What is Diffraction in Photography and How to Avoid It?

Diffraction in Photography

With such an optical phenomenon as diffraction, photographers meet quite often. Unlike other distortions such as distortion or chromatic aberration, diffraction is equally common to any lens and cannot be completely eliminated. In this article, we will look at the diffraction problem in photography practice.

Diffraction is an optical effect that reduces the sharpness of a photo no matter how many megapixels your camera has or how sharp the lens you are using. If usually the rays of light propagate in a straight line, then passing through a small hole (closed aperture of the lens), they begin to scatter. In this case, the beam forms in the photo not a point, but a circle – the so-called Airy disk. The more we close the aperture, the more noticeable the diffraction becomes, since each point in the image ceases to be a point.

Diffraction in Photography

It is possible to notice diffraction with the naked eye when the size of the Airy disk becomes comparable to the size of one pixel on the matrix – this is the diffraction limit.

Specificity of The Action of Light

Any photographer who is actively involved in his business will soon begin to notice unpleasant light, color, and other effects in the frame.

Diffraction manifests itself in a decrease in the detail and clarity of the image, regardless of its resolution. They also talk about diffraction rings or fringes that appear near objects. What is this in accordance with physical laws, how can such a phenomenon be explained?

Diffraction refers to light. This is an exception to the rules of the section of geometric optics. Translated from Latin means “broken”, “bending” is a very close description of the existing process.

In fact, this is what happens: the light beam, which has the character of a wave, travels in a straight line. But if he encounters some obstacles in the form of dense, opaque objects, then he “bypasses” and partially penetrates behind them, into their shadow areas. Here the main “danger” lies in wait for us – as a result, even the borders of the shadow (and what is in the shadow) soften, become not quite sharp.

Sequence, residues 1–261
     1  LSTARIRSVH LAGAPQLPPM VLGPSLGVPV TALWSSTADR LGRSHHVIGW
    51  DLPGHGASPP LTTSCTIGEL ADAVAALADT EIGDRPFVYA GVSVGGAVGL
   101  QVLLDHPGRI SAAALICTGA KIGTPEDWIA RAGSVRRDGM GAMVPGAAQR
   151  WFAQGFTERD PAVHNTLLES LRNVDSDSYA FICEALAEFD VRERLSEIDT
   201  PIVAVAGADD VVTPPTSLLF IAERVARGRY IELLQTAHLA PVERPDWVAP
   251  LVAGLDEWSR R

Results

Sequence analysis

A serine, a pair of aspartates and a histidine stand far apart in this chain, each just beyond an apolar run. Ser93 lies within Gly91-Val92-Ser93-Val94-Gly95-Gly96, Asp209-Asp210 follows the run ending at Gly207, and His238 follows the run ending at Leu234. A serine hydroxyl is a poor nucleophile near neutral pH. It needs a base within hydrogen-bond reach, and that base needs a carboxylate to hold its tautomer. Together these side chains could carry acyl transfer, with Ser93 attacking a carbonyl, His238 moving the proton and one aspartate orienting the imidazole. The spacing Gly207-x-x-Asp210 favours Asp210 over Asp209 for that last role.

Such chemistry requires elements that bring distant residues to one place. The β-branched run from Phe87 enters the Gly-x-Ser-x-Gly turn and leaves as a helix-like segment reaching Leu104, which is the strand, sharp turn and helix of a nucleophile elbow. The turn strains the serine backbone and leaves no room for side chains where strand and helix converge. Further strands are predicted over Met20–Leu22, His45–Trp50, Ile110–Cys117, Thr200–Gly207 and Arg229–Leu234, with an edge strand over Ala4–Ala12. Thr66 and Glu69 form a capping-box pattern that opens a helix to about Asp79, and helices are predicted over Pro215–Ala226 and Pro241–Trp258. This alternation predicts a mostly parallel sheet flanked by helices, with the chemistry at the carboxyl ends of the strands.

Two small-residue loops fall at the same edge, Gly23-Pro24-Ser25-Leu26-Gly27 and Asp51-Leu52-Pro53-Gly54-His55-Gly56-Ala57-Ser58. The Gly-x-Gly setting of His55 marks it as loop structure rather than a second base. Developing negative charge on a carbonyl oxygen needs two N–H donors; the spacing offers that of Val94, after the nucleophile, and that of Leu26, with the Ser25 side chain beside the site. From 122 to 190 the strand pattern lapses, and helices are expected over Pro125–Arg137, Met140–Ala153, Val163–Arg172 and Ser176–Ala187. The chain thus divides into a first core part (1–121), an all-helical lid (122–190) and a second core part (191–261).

Moreover, I can tell you that the principle of light bending around objects is also applied to the camera aperture itself, because its petals fit into the category of “dense obstacles”. Thus, we are dealing not with one, but several waves of light, which interact and superimpose on each other.

It is hard to imagine? And try to squint your eyes for a moment, so everything around you turns out to be vague, as if behind a fog or veil. The camera is about as difficult.

An unpleasant phenomenon, creating additional complications, but inevitable. As much as you would like, it will not be possible to completely get rid of this or other kind of distortion. Therefore, you need to remember them and try to minimize the available means.

Effect on The Image

I told you not just interesting facts from the field of theoretical physics. This is a real drawback that can be clearly visible in the photograph and reduce its attractiveness to the viewer and the author himself.

You can clearly understand what diffraction is by going to various forums of amateur photographers or by doing a series of camera tests yourself.

Mount the camera on a tripod, eliminate vibration, select manual or aperture mode and shoot one subject with excellent f settings.

Do not change the other exposure variables. Some people use a special scale or sheet of paper with a picture of the target (in pdf format). Pictures with a difference in aperture are judged by the clarity / blur of the entire target (numbers, letters, lines or a specific object) or its edges.

Diffraction is such a defect in the work of optics, with which practically nothing can be done in photo editors. The only way out is to minimize its impact during the filming phase.